- US stocks are taking their sweet time recovering from the 10% correction that rocked markets earlier this year.
- This labored rebound worries The Leuthold Group, which explains how market conditions could be foreshadowing the next crash.
When stocks hit a rough patch, the amount of time they take to fully recoup those losses can provide a valuable hint as to how healthy the market truly is.
Which is why recent findings from The Leuthold Group paint such a stark picture for US equities right now as they struggle to claw back from a 10% correction that bottomed out in early February.
It’s been 61 days since the benchmark S&P 500 experienced those 2018 lows, the third-longest recovery time on record dating back to 1950, according to Leuthold data. And as you can see in this chart, it still has a ways to climb before the loss is completely erased.
This is troubling because, as Leuthold puts it, the probability of market “morbidity” increases rapidly the longer a correction lingers. The firm also highlights some haunting precedents that should have stock investors on edge.
Leuthold finds that in 2000 and 2007 — when the S&P 500 was battling back from corrections similar to the one facing stocks right now — the index reached its bull market highs within days after recouping the entirety of its losses. Then it was all downhill from there.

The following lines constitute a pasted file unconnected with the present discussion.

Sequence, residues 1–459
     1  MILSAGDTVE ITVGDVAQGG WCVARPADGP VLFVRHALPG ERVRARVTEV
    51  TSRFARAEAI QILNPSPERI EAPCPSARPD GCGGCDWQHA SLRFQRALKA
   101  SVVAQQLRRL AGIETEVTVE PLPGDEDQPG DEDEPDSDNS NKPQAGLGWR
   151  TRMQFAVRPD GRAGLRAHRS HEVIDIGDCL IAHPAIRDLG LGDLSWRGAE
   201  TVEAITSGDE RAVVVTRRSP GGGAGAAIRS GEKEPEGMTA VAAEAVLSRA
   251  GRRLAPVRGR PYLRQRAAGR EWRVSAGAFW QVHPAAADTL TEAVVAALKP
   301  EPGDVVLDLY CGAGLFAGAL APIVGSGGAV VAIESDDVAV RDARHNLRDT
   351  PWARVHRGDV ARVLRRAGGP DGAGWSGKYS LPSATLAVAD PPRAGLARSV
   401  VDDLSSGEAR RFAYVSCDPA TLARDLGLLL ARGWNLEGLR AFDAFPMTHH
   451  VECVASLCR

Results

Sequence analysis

And while the firm itself recognizes these are cherry-picked examples, they still serve to show that correction recoveries can be so-called “bull traps.” In other words, as traders pile back in, there’s always the risk that they’ll have the rug pulled out from under them once again.
Another concern outlined by Leuthold is the propensity of the market to factor in corporate and economic developments six to nine months before stock indexes do. The firm argues we saw this last year, when the market underwent a “mini melt-up” that corresponded with the positive fundamental drivers we’re seeing now.
By this logic, stocks could still be in trouble, even if external conditions look promising.
“The market’s 2018 struggles imply that an important disappointment in the economy might be apparent by the fall,” Doug Ramsey, Leuthold’s chief investment officer, wrote in a client note.
“First quarter profits have been terrific, and this quarter’s will be too,” Ramsey continued. “Enjoy them, but remember the market ‘paid’ you for them many months ago. Don’t submit another invoice…”
With all of this in mind, it’s important to note that Leuthold is not calling for the outright end of the bull market. Rather, the firm is raising intriguing points about the stability of the market’s impressive nine-year run and reiterating what experts have been saying for months: Enjoy the rally while it lasts, but be prepared for it to all come crashing down.